What do a sheet of flaming paper, a shotgun cartridge and a hammer all have in common? They’re not murder weapons from a Miss Marple novel, however for anyone familiar with rural life from 1945 onwards, the answer is obvious. They are all necessary items for starting a Field Marshall Diesel Tractor.
The story of this venerable piece of British agricultural history began way back in 1900, when the Yorkshire based engineering firm Marshall’s of Gainsborough made the bold step from steam to internal combustion. As a family owned company, well known for its high quality steam-powered traction engines and farm equipment, the launch of the petroleum-spirit powered ‘Colonial’ tractor units was a bold step into modernity. Fortune is said to favour the bold, however, and the business prospered, with hundreds of these machines being exported to foreign markets. As a result the company grew and expanded rapidly in the new century.
In order to minimise the need for tricky maintenance in the field, Marshall’s moved from the petroleum “Otto Cycle” engines, and drew inspiration from the ‘Hot Bulb’ engine design that had become successful in Europe. Though rudimentary in design, hot bulb units could run on very low-grade fuel oils without losing much power. The combustion of the fuel and air mixture takes place outside of the cylinder itself in a super-heated chamber from which the ignited mixture is drawn into the cylinder by the force of the ignition, driving the piston downwards in either a two or four stroke cycle. Robust and simple, once started, a hot bulb engine can run constantly for as long as it has fuel.
Marshall’s evolved this rudimentary engineering into a simple but effective two-stroke diesel unit for their tractors, one which took inspiration from this lack of mechanical complexity. Fitted to its latest tractor, called the Field Marshall, the engine was launched into a post-war landscape in real need of new agricultural technology. The two-stroke diesel unit was efficient and strong, more flexible than its outdated predecessor, but equally unbreakable in nature. Thanks to these upgrades, when the Field Marshall was unveiled to the public in 1945, it was hailed for its power, its simplicity and its robustness.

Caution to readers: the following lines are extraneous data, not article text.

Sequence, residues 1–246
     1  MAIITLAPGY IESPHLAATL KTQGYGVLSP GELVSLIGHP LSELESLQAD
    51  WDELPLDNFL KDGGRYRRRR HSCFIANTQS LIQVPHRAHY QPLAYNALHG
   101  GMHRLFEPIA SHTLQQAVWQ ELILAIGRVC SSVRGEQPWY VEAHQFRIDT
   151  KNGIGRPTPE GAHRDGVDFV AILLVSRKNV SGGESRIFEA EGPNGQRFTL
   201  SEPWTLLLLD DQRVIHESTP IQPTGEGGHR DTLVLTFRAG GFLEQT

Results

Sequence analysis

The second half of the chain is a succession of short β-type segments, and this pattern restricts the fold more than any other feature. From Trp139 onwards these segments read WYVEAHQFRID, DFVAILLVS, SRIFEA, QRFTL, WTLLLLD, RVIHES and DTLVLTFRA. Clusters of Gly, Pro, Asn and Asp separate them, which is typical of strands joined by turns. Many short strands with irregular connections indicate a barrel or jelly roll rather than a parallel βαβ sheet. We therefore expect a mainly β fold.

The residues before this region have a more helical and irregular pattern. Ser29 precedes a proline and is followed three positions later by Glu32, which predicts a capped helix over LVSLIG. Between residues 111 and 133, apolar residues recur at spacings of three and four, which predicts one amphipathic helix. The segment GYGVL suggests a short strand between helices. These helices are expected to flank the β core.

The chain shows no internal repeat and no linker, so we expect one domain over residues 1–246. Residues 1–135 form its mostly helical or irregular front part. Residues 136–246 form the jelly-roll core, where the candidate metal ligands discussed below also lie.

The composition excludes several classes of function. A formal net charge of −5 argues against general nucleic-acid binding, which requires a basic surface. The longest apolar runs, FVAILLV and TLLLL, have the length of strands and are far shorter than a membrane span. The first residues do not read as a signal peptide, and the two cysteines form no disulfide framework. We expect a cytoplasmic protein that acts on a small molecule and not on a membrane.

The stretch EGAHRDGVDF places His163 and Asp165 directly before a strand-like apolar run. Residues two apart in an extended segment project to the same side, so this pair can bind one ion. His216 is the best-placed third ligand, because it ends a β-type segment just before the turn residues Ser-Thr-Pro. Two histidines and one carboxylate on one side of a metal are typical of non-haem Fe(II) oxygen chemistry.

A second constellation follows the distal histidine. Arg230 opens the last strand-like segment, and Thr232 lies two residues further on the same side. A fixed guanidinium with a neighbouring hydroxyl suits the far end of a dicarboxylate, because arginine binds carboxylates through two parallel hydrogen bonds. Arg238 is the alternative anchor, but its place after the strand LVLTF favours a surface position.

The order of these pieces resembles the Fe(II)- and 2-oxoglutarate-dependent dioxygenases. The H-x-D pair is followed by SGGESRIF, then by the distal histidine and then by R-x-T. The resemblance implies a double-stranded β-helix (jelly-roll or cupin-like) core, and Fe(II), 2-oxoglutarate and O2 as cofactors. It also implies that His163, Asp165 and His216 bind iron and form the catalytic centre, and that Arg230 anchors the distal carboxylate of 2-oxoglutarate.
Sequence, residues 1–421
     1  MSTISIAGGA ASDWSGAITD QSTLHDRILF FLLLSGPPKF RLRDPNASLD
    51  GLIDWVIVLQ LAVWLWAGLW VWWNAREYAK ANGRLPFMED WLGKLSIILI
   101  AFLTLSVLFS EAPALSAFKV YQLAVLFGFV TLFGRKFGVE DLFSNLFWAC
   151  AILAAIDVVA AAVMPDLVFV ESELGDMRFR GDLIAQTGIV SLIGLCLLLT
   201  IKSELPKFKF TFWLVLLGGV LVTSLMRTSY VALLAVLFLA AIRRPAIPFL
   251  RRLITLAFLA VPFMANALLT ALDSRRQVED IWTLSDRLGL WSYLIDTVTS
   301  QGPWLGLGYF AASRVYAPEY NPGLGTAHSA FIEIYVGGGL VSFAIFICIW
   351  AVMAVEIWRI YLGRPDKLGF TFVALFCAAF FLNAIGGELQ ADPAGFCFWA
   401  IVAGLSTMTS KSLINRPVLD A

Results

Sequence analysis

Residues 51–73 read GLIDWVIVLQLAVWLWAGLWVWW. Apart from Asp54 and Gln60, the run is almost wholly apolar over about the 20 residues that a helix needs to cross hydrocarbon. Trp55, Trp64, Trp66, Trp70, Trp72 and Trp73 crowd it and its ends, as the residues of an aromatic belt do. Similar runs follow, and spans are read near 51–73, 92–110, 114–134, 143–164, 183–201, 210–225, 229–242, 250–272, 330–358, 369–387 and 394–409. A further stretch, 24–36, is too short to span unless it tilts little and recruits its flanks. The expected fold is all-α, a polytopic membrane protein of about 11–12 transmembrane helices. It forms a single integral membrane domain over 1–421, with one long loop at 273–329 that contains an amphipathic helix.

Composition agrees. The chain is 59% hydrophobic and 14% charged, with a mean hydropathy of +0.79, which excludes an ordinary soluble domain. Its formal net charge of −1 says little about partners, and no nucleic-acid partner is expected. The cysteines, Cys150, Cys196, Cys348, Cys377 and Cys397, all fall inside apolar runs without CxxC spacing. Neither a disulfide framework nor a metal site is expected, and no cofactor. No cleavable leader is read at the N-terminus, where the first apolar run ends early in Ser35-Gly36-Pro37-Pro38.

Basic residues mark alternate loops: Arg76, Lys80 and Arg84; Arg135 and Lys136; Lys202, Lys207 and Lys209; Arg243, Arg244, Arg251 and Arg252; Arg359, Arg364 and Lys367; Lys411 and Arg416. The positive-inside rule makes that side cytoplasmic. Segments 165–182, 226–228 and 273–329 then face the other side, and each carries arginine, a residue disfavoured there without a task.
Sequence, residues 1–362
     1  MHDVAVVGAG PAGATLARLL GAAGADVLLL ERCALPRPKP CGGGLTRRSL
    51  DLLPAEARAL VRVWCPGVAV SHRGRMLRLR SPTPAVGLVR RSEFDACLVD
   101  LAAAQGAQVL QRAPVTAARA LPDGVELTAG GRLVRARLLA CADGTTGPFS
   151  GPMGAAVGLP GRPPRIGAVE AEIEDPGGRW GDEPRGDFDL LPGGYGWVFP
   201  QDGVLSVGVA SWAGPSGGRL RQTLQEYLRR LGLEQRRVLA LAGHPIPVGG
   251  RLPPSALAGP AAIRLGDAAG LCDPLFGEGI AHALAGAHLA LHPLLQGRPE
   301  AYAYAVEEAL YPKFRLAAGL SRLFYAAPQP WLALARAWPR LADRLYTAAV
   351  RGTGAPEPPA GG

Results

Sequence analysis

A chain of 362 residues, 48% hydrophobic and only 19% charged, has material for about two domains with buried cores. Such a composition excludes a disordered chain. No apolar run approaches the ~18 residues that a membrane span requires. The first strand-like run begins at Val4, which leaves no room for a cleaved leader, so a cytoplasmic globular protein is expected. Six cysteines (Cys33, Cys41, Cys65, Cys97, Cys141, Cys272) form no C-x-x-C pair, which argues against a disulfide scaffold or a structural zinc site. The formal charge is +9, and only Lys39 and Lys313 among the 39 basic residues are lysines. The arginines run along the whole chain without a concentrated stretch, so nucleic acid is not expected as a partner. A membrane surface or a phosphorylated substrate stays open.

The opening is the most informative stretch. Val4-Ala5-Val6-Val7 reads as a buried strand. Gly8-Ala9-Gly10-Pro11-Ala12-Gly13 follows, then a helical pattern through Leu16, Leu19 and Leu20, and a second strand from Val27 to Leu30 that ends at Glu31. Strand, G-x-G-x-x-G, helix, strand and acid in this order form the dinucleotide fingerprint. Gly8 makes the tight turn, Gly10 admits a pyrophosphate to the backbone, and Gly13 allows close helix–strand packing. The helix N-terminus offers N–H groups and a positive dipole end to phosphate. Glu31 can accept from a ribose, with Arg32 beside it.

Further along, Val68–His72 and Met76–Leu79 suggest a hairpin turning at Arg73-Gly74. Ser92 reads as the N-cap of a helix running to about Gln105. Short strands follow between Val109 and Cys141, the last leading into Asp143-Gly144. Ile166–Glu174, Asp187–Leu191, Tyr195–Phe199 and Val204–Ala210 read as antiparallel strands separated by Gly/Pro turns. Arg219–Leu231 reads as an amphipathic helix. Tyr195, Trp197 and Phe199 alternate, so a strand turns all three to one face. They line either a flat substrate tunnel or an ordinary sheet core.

Although a sales success, it was not without its quirks however. In particular, its starting procedure took some practice and was a direct hang-over from the older engines. A farmer had first to pre-heat the cylinder with a flaming taper. The lit wick had to be inserted into the cylinder head and left to heat the metal to the point at which the fuel could ignite. While the metal reached temperature, a blank shotgun cartridge had to be fitted into a breech on the intake manifold, and covered with a steel cap. Once the required time had passed and the engine was hot enough to run, with a strong blow from a hammer the cartridge would be fired into the engine creating enough detonation to move the piston through its first full stroke. As it came to life, it produced a clatter that only a 6 litre two-stroke diesel engine could produce, loud, slow and unique.
This lengthy process meant that once running, many farmers would avoid switching the engines off wherever possible. The weighty “thump” of the large engine at tickover led to the second characteristic of the Field Marshall tractor – its ability to shake itself into muddy ground in minutes. Many owners experienced returning to machines that had sunk to their axels in mire, needing teams of men, horses and other tractors to free these stricken beasts from their self-dug graves.
These quirks aside, the Field Marshall’s reputation for bombproof engineering meant that they remained a huge part of British agricultural life and were a familiar site on farms for decades after production ceased in 1957.
Have you ever started a Field Marshall with a hammer, or do you remember them from your youth? If so, share your experiences with us in the comments below.